The following proof is from Introduction to Mathematics (Devlin). I am not trying to disprove Devlin or Euclid. I’m trying to understand if the questions my mind asks are unwarranted and why.
Statement: There are infinitely many prime numbers.
(Proof: First part) "The truth of this statement can be proved by an ingenious argument known to Euclid.1 The idea is to show that if we list the primes in increasing order as $p_1, p_2, p_3,..., p_n,...$ then the list must continue forever. (The first few members of the sequence are: $p_1 = 2, p_2 = 3, p_3 = 5, p_4 = 7, p_5 = 11$, and so on.) Consider the list up to some stage $n$: $p_1, p_2, p_3,..., p_n$ The goal is to show that there is another prime that can be added to the list. Provided we do this without assigning n a specific value, this will imply at once that the list is infinite.
Let $N$ be the number we get when we multiply together all the primes we have listed so far and then add $1$, i.e., $N = (p_1p_2\cdots p_n) + 1$ Obviously, $N$ is bigger than all the primes in our list, so if $N$ is prime, we know there is a prime bigger than $p_n$, and hence the list can be continued. (We are not saying that $N$ is that next prime. In fact, $N$ will be much bigger than $p_n$, so it is unlikely to be the next prime.)"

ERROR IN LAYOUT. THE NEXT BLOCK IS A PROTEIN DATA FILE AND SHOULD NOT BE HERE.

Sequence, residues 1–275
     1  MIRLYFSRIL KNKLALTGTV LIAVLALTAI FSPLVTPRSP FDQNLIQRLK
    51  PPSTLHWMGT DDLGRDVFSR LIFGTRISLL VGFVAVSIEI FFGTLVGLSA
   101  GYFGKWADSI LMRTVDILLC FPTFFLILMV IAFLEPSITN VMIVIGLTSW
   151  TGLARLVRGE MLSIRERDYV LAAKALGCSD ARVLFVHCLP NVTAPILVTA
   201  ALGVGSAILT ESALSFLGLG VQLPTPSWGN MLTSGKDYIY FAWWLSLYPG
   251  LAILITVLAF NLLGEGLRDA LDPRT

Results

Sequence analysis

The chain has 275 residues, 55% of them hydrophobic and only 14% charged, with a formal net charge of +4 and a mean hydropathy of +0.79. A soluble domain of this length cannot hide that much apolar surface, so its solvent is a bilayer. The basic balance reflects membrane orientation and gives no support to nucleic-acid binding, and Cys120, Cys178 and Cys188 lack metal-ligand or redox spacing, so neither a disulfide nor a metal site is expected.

Q1) Why is the proof legit? This proof employs only on $N=(1…5)+1$. How, without calculating an answer for EVERY $p_X...p_N$, can one assume the proof will continue to be true?
Q2) How about if $N=(p1…p_\infty)+1$?
Q3) How can it be said “hence the list can be continued”?